Be Careful What You Ask For

“Universe, my son is 13 and I really want to connect with him.”

It’s not that I don’t know how, it’s just that at 13 he just doesn’t seem interested and everything I can think of is just too much bother for him. Teenage angst and the love of video games where he plays with friends. It’s a hard pair to beat. We do restrict his games for certain hours during the week and no gaming or electronics on Sundays (family day), but overall, he’s genuinely a good kid. He’s a little shy, authentically generous and compassionate, and gets pretty good grades (all A’s and B’s). So after lunch last week, I headed home to an email for an author’s course I’ve wanted to take. I spoke to my husband about it greatly because we’ve been earning a bit less while I focus on writing my book. He said just go for it. So I checked our credit card account and I nearly lost my mind. My child charged a huge amount of video games to our account. I mean well in four-digits deep of video games. Enter adrenaline rush like I’ve not had in a very long time. Our account is over the limit and charges are now adding up. And he’s going to be home from school in 20 minutes. We’re going to skip the frantic voicemail on my husband’s phone, email and text. In the next 20 minutes I realized that I couldn’t even think about how we were going to deal with it. I had to think about how I was going to remain calm enough not to hurt the child. Thinking about numbers and freaking out was not going to support that cause. So I smudged myself, lit a candle and brought up as much sovereign energy as possible. {FYI, he did this about 4 years ago – it was much, much less, but we grounded him from fun for 6 months. We talked about it all the time and he said hundreds of times he would never try that again. Oh but he did.} So he knew the drill and when he got home, I just had him sit down and explained my whole day just as I just did here. I was calm. Then I asked how much he thought he spent and showed him on my computer what it all actually added up to. He then went to his room as instructed and unloaded all electronics into a box, handed over his phone and started cleaning. This will be his life for a while, with lots of love and conversation from us about it.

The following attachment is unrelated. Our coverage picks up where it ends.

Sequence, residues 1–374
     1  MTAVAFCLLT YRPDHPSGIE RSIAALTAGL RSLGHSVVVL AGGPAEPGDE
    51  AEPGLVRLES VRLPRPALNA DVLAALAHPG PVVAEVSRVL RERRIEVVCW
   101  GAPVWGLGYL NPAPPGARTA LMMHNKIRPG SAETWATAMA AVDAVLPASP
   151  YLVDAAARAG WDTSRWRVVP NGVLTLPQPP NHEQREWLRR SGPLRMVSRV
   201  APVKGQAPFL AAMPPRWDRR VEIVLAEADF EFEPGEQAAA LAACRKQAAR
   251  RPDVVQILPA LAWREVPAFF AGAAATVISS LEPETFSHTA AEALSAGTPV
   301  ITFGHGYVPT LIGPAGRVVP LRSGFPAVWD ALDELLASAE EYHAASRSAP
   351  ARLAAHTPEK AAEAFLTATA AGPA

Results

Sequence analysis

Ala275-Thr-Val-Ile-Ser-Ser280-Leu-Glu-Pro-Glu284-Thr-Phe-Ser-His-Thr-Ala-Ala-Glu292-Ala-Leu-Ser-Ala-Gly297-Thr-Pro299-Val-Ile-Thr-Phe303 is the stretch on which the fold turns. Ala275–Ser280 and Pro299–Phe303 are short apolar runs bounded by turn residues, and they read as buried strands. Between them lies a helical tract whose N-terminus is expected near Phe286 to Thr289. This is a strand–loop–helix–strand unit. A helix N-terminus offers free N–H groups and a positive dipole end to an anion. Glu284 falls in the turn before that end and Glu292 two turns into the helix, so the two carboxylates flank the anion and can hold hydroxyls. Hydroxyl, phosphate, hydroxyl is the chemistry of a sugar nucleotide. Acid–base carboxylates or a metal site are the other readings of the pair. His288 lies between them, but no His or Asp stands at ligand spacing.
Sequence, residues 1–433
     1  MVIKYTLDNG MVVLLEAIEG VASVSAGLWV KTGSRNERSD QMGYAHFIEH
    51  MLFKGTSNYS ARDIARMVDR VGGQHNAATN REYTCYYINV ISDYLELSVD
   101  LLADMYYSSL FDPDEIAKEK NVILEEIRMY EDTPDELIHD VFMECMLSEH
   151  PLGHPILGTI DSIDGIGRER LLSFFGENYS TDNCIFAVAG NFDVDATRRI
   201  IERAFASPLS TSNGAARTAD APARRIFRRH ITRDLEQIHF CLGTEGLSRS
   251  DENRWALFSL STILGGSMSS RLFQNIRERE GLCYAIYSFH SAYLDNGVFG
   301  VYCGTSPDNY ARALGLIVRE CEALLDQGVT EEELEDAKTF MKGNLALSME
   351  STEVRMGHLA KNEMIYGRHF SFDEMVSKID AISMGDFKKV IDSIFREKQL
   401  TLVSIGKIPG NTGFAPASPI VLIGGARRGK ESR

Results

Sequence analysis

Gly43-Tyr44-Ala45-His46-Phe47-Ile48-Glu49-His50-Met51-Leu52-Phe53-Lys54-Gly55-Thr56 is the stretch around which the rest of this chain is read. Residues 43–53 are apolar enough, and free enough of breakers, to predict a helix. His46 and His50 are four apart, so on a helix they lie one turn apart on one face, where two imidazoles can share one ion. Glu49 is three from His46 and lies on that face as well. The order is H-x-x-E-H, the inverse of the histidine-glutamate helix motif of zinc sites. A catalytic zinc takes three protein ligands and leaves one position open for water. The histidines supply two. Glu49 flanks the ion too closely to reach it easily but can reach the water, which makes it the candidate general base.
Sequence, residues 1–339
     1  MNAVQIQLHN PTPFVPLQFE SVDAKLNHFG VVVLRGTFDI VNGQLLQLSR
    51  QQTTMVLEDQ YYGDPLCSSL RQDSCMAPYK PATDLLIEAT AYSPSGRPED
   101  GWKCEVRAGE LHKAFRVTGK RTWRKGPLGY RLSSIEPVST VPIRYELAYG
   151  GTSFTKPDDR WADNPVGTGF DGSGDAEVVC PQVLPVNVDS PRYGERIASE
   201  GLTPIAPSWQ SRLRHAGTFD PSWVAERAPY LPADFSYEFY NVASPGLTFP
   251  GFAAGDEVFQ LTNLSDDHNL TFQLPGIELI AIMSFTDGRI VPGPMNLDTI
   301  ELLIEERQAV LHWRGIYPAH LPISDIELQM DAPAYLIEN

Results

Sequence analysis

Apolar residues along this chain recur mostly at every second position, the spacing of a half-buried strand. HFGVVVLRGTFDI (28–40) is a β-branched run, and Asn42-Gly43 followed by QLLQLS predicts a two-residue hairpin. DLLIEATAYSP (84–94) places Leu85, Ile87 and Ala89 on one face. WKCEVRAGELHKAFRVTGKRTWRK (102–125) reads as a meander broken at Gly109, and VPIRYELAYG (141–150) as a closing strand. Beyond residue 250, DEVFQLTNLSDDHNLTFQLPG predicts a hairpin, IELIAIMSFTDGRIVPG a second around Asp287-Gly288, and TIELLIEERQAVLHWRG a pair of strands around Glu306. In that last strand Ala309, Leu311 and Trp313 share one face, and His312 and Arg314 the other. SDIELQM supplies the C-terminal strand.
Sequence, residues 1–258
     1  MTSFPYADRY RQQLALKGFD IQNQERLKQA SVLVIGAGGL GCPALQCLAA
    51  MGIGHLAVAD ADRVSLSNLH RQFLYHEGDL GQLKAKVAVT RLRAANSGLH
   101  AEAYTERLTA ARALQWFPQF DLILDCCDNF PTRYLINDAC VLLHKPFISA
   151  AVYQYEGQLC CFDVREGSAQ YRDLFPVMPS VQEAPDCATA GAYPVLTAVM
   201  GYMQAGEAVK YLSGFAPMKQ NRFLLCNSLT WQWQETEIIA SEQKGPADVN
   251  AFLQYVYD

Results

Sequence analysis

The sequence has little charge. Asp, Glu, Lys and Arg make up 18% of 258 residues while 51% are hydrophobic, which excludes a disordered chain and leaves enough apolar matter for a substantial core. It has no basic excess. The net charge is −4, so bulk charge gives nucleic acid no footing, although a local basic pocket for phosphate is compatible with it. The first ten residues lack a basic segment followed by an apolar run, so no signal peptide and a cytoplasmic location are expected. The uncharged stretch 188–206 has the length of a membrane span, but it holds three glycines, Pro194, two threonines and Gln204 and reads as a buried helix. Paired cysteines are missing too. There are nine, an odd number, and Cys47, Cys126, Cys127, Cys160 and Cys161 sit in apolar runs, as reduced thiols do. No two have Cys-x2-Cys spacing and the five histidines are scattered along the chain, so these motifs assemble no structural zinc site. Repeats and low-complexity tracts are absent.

Here’s the gifts:

  1. The Universe delivered what I desired. (Perhaps I could be a bit clearer next time.)
  2. I don’t have to do dishes, cleaning or laundry for a bit – or at least the majority of it.
  3. I know that I have to take better care of the privileges I give him. I realize this is my responsibility too.
  4. We’re all going to learn lessons here. He’ll learn about financial consequences and I’ll learn to be clearer in my requests.
  5. He’ll be interested in doing more stuff with us because we won’t compete with technology — and I won’t feel guilty not allowing him time on it.
We’re still dealing with the impact. We will for a little while. We have to remember that gifts take some looking sometimes. We have to get past all the anger, sadness, loss and disappointment, but they’re there.

So take care in asking the universe for gifts – they so rarely show up as we intend. But look for them or all you’ll see is tragedy.


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1 Comment

  1. And the lessons just keep piling up. The adventure continues…

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